Colin McEnroe and his very intelligent students look at the Digital Revolution in media.
I just started and I must tell ya...It's HARD not to use it!
Colin, I hope you don't mind me poking my nose into your class again, but I thought I would toss out a few other things to check out.Staying close to Wikipedia I would encourage you to check out wikinews.Another interesting resource is Congresspedia.All of these are using MediaWiki, which is free software that anyone can set up. (I've set up various MediaWiki sites in the past).Related to Congresspedia, there is also the CT Election 2006 wiki set up by our friends at Connecticut Loccal Politics. It is using PB Wiki, which is a service allowing anyone to set up their own Wikis.Hope this helps....
P.S. I don't know if you are going to be talking about the Seigenthaler affair, but people who are interested would do well to read David Weinberger's post about this.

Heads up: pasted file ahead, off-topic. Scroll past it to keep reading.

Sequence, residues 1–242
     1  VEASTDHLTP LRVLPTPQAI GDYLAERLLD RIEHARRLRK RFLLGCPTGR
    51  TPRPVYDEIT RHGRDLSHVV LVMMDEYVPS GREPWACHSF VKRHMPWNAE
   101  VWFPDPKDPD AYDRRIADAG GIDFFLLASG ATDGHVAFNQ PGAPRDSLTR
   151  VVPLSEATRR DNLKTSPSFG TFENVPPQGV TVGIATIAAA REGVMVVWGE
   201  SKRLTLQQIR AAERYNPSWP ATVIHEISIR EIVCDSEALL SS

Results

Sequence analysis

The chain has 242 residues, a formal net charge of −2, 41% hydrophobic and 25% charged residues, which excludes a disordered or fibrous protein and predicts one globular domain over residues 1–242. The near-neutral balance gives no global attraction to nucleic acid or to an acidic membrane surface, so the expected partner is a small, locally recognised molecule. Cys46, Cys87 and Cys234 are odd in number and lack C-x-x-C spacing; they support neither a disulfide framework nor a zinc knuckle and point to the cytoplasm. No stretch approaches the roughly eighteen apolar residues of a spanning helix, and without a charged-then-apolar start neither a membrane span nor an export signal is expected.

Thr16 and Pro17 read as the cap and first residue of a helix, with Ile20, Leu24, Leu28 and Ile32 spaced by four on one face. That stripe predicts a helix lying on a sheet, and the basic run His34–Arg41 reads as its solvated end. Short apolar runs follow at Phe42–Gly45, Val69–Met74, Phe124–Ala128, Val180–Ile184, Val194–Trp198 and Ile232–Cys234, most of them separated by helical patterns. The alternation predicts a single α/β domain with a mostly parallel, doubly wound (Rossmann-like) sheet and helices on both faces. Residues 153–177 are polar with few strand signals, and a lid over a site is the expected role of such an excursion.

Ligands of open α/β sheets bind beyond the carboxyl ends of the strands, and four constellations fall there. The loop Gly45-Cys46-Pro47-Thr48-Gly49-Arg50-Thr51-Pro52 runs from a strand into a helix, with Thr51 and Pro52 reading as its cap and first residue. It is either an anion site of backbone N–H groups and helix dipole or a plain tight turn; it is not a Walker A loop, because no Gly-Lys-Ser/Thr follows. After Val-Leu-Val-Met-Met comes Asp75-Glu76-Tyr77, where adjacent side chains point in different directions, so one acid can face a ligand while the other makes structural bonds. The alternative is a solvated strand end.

While I'm at it, I should probably pimp my post, Jon Lebkowsky, and Cory Doctorow's post.
Following Mr. Hynes' impulse, I, too, will poke my nose into your class. My Harvard-sophomore brother just told me about www.urbandictionary.com which is similar to Wikipedia in the group contribution to the definition of SLANG words. It has a rating system, however, which allows the most agreed upon definition to be at the top of the list. This may be one step towards reducing misinformation. (Try "dork" for some entertaining and quite shocking information.)
I love urban dictionary. I use it all the time. It's one of the links on the side bar my blog (under 'sites I like'). Do people actually use those links? Sometimes I'll hit on people's links list, but I have to say not that often.
I'm on Urban Dictionary...look up Russian Switch. (I'm not quite sure why Sinbad decided to use my name in the definition)
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